Cryptocurrency hasn’t yet been fully embraced by consumers or investors since its inception in 2009. Critics continue to decry its lack of intrinsic value and volatility compared to traditional stocks or currencies. However, there are some indications that hard line could be softening. While Treasury Secretary Janet Yellen says that it would likely take years for the United States to implement a federal cryptocurrency, the option certainly appears to be on the table.
As more countries examine crypto’s viability and potential regulations with a keener eye, we may be approaching a make-or-break moment, where we see digital currencies either adopted or shunned by major governments.
While some companies have already taken the plunge to accept crypto payments, an officially recognized digital dollar could change the game for brands and consumers. Here are a few consequences that we could see if the U.S. moves to implement a federally-recognized digital currency.
Cryptocurrency could emerge as a mainstream payment method
Right now, digital currencies aren’t really “currencies,” but more like speculative assets that, when sold, can trigger tax liabilities in the eyes of the IRS. Outside of some notable exceptions, few businesses are accepting Bitcoin for everyday purchases. It’s hard to make a business case for accepting a currency that transacts more like stock than cash.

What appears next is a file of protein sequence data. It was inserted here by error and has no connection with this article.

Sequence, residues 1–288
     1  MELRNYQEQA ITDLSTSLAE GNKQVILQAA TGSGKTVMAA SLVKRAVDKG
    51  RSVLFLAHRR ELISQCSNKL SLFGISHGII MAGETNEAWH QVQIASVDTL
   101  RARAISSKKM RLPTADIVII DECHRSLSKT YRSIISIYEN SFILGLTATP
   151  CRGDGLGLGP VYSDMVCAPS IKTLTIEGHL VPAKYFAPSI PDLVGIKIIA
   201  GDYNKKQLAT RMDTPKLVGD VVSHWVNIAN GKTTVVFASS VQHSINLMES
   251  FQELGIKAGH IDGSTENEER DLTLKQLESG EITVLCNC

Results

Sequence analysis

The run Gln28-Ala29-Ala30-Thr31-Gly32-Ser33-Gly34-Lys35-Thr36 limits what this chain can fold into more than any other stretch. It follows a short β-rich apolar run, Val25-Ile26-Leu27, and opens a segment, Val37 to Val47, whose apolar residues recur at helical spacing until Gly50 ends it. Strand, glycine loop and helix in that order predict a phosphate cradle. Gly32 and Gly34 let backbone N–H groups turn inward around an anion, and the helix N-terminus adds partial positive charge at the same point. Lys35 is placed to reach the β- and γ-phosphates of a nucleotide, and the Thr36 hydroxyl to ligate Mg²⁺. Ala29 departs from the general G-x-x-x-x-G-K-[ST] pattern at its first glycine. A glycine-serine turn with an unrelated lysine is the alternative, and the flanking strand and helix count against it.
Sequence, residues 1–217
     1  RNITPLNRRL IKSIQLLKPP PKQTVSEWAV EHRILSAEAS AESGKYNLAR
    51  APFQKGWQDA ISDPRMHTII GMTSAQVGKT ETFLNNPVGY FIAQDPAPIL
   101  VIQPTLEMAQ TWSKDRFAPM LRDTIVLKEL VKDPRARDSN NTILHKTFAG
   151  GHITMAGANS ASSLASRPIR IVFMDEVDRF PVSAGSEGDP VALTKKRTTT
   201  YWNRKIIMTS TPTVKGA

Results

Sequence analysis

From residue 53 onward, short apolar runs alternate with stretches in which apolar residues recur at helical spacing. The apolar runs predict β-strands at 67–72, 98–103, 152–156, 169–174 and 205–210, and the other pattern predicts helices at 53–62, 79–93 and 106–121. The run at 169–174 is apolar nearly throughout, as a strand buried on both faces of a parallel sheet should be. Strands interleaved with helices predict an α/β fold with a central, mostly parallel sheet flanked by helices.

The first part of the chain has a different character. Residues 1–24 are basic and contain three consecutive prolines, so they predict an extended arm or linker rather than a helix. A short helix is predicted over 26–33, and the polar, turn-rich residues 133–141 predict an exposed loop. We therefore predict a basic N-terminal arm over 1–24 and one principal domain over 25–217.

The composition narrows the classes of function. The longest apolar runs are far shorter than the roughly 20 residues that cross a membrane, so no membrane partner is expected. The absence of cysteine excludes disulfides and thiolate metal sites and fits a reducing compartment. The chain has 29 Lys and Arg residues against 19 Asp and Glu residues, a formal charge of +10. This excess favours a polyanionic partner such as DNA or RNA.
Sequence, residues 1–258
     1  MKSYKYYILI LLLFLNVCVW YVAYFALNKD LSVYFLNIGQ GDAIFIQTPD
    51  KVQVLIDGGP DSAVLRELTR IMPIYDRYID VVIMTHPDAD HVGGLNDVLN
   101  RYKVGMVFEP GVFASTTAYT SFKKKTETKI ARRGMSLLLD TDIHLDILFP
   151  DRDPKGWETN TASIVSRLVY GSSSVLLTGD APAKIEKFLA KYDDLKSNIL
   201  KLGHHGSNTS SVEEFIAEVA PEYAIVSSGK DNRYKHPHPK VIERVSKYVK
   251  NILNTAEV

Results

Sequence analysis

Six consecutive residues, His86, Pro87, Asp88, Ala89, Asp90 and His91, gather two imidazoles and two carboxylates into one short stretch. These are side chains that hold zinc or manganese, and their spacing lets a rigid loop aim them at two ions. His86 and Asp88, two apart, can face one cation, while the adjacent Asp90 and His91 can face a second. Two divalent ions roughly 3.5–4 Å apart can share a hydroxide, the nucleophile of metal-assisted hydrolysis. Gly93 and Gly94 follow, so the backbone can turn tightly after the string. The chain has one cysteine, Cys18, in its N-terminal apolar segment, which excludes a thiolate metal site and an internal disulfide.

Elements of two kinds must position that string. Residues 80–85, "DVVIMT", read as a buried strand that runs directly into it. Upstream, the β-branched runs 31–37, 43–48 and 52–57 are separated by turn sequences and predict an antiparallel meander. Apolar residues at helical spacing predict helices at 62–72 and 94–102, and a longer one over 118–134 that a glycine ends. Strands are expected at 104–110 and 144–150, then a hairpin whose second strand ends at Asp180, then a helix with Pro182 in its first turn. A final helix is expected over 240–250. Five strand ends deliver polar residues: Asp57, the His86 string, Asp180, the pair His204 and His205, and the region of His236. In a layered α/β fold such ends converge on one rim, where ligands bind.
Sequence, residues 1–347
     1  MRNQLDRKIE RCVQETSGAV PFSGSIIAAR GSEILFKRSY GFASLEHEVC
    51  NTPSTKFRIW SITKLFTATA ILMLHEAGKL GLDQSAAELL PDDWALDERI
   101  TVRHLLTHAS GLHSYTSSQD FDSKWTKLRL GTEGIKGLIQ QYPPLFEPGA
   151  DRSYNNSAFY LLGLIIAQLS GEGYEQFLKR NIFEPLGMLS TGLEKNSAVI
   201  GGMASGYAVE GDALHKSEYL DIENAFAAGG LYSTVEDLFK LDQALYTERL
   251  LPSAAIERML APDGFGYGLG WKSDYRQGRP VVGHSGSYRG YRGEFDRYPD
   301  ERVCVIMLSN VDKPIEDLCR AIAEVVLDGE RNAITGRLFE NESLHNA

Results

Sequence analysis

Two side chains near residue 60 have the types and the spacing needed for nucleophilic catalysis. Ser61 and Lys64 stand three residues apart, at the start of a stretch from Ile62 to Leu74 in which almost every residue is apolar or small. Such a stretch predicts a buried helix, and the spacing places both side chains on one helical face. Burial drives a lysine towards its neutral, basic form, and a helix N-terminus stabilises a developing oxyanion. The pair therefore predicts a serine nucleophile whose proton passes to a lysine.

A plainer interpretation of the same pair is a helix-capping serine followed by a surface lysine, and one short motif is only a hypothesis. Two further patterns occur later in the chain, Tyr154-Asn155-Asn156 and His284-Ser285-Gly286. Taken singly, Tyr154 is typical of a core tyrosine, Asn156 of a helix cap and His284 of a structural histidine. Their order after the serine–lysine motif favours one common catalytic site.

The decision of whether to accept crypto as a valid payment currently falls on companies. As it stands, these are assets that aren’t backed or ensured by governments. That makes accepting something like Bitcoin a risky proposition for most businesses, especially when a tweet from Elon Musk could dramatically shift the price.
A quick look at the market for Bitcoin shows a high of $67,582 USD in November 2021. As of September 30, 2022, the price was roughly $19,431. That means that someone who invested $100 in Bitcoin just over nine months ago would now be left with $28.75. Investors in Luna were even less fortunate. Companies value stability and the ability to manage expenses efficiently. Right now, crypto assets are somewhat antithetical to that.